Politics of Sharing/On Collective Wisdom
ARTLINK AUSTRALIA MAGAZINE
Edited by Eve Sullivan
The elevator jolts and the doors slide open to reveal a makeshift gallery space within an office space that looks like it has not been renovated since the 1980s. I have stepped into the provisional Artspace, located on the 7th floor of an office building on Lorne Street in downtown Auckland. This is a temporary measure while the permanent Karangahape Road venue has asbestos removed. While the short-term offsite space is distinctly unfashionable, Artspace Director Misal Adnan Yıldız has boldly presented the current group show The Politics of Sharing: On Collective Wisdomwith his characteristic confidence in leading innovative exhibition layouts.
The Politics of Sharing ... is a tripartite show occurring in Auckland, Berlin and Stuttgart; billed as a “co conceived” rather than co-curated exhibition between Yıldız and Elke aus dem Moore, the Head of Visual Arts at ifa (Institut für Auslandsbeziehungen/Institute for international cultural relations). The three exhibitions are introduced as a forum to question the notions of sharing, distributing and resourcing. In particular, the exhibition text explicitly emphasises that the show is inspired by Māori mythology and customs “to challenge a Westernised currency”.
But there is something more compelling taking place here that is not addressed in the exhibition description. This is the ethical challenges artists face when collaborating with others that reveal a less strict polarity between the indigenous and Western paradigms to highlight a more complex tension created by their convergence.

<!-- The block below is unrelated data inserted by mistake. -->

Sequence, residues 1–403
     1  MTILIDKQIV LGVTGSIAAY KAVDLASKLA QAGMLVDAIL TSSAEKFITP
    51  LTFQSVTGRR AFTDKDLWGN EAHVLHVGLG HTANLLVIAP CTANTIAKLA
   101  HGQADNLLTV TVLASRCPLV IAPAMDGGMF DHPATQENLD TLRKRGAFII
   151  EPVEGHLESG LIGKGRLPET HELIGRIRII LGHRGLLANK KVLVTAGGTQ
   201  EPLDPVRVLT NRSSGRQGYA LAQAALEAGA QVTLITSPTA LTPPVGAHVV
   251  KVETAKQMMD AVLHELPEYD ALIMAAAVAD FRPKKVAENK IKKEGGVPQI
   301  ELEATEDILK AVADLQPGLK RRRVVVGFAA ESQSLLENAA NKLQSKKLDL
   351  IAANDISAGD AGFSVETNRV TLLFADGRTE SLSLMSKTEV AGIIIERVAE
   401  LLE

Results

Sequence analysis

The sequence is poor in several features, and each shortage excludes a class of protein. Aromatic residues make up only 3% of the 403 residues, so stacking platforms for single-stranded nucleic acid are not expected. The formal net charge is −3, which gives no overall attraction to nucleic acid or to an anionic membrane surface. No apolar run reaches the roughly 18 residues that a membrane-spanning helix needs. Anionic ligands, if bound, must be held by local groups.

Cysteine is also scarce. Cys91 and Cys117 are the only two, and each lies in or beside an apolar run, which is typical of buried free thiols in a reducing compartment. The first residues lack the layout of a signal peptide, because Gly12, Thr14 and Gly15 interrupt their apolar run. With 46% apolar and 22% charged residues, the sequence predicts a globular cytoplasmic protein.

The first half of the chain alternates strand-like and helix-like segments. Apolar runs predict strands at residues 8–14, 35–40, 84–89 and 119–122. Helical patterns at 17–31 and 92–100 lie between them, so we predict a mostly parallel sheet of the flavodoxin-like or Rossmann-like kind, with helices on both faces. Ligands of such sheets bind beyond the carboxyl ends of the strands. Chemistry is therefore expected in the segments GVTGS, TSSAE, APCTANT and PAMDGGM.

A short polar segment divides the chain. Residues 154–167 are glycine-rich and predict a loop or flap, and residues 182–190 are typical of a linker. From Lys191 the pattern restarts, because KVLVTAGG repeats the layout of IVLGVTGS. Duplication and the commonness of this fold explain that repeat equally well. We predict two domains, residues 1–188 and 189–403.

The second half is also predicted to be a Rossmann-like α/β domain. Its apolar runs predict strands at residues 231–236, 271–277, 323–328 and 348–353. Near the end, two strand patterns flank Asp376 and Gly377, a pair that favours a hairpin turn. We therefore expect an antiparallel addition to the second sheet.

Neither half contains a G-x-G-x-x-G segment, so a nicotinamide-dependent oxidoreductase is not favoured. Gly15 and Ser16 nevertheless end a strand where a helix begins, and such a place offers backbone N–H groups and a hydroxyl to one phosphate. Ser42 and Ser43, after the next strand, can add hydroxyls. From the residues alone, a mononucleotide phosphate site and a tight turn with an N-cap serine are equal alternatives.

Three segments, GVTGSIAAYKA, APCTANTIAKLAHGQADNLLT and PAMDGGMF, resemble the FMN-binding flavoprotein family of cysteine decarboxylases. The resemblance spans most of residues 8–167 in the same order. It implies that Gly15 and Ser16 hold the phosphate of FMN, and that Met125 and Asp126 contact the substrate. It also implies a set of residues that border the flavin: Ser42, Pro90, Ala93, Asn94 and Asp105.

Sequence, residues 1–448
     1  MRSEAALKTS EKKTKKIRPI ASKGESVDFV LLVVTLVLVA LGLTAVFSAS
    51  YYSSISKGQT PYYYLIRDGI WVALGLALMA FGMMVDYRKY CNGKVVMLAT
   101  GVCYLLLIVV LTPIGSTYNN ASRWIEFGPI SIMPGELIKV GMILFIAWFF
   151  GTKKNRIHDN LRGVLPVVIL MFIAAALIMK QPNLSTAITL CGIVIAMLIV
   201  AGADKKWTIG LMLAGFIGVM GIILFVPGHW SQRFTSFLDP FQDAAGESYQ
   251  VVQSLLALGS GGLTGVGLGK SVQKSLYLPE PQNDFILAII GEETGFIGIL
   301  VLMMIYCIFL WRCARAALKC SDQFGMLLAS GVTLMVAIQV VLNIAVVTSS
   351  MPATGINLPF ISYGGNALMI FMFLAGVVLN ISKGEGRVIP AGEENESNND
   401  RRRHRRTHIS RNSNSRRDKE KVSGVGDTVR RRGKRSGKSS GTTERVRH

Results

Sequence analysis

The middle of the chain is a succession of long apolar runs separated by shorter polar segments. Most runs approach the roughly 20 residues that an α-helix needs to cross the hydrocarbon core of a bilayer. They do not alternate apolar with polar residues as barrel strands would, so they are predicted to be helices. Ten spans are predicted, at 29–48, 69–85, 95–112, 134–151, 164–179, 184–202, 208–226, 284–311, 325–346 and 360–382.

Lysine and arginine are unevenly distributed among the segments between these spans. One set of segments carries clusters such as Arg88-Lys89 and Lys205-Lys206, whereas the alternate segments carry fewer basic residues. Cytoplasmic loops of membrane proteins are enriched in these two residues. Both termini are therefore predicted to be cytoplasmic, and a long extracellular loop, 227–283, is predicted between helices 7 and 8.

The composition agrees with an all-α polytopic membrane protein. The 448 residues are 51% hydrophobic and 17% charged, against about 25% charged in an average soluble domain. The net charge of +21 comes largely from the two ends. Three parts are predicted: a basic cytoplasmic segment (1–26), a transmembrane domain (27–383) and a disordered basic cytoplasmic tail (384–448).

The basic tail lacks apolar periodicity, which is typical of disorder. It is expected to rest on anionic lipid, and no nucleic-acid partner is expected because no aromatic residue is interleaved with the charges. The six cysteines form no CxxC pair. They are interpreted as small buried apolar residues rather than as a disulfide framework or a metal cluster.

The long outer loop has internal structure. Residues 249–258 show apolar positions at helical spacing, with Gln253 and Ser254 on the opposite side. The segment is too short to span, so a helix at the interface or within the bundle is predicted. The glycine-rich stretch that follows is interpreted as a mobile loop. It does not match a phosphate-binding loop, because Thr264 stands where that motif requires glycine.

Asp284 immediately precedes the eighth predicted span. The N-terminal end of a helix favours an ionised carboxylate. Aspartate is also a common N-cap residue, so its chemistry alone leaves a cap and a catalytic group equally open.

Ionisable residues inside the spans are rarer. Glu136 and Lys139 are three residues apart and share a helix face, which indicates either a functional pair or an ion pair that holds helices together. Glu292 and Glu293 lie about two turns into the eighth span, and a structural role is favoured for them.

This is particularly evident in the work Waitangi 2 Feb-6 Feb 2017 1000+1300 by Local Time. Not your average art collective, Local Time are comprised of artists, theorists and writers, including Danny Butt, John Bywater, Natalie Robertson, Alex Monteith. Since 2007, they have staged projects, hui and actions in various contexts such as festivals, protests, marae, museums and galleries all the while embodying tikanga Māori hand-in-hand with Western European critical theory into their practices of engagement. Their contribution to this exhibition consists of an extensive body of documented conversations and exchanges that took place at Te Tii Marae in the days leading up to this year’s Waitangi Day celebrations – a national public holiday observing the founding agreement between Māori tribes and the British Crown in 1840.